WASHINGTON -- President Barack Obama on Friday refrained from branding the massacre of an estimated 1.5 million Armenians in Turkey a "genocide," breaking a campaign promise while contending his views about the 20th century slaughter had not changed.
The phrasing of Obama's written statement attracted heightened scrutiny because of the sensitivity of the issue and because the two countries are nearing a historic reconciliation after years of tension. The Obama administration is wary of disturbing that settlement.
Marking the grim anniversary of the start of the killings, the president referred to them as "one of the great atrocities of the 20th century."
"I have consistently stated my own view of what occurred in 1915, and my view of that history has not changed," Obama said. "My interest remains the achievement of a full, frank and just acknowledgment of the facts."
"The best way to advance that goal right now," Obama said, "is for the Armenian and Turkish people to address the facts of the past as a part of their efforts to move forward."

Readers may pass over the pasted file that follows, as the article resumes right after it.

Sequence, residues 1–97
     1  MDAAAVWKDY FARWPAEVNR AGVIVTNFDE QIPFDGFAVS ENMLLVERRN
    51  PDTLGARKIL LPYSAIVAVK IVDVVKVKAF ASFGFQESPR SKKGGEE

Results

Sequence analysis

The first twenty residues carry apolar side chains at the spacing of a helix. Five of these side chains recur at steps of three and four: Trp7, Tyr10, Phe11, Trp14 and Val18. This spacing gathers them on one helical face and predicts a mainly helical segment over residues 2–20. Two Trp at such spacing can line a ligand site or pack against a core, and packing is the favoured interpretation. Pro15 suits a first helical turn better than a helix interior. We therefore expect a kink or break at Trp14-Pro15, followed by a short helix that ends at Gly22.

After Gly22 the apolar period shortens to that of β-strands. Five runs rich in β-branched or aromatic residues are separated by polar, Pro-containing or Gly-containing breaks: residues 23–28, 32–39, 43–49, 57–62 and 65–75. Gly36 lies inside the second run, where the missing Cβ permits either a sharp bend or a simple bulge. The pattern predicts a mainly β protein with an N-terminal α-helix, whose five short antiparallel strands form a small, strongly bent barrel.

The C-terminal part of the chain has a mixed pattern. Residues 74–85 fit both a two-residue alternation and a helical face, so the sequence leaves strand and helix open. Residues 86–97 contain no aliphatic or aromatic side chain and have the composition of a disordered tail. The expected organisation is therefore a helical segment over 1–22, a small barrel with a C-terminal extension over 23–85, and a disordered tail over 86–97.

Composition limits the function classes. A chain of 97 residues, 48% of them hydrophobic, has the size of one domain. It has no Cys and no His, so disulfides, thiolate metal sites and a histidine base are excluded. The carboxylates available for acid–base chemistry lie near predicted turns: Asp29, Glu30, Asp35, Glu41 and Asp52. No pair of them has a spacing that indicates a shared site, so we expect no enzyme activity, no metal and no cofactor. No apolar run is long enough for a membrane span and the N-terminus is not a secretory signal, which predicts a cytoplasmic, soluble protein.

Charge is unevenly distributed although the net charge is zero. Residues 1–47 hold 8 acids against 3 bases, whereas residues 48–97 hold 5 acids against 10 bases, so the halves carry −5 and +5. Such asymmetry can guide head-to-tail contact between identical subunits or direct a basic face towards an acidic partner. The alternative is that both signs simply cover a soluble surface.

For Obama, referring to the killings as genocide could have upended recent pledges of a closer partnership with Turkey, a vital ally in a critical region. Steering around the word, however, put him at odds with his own pledges to recognize the slaughter as genocide.
Obama said the Armenians who were massacred in the final days of the Ottoman Empire "must live on in our memories." He said unresolved history can be a heavy weight. "Reckoning with the past holds out the powerful promise of reconciliation," he said.
"I strongly support efforts by the Turkish and Armenian people to work through this painful history in a way that is honest, open, and constructive," he said.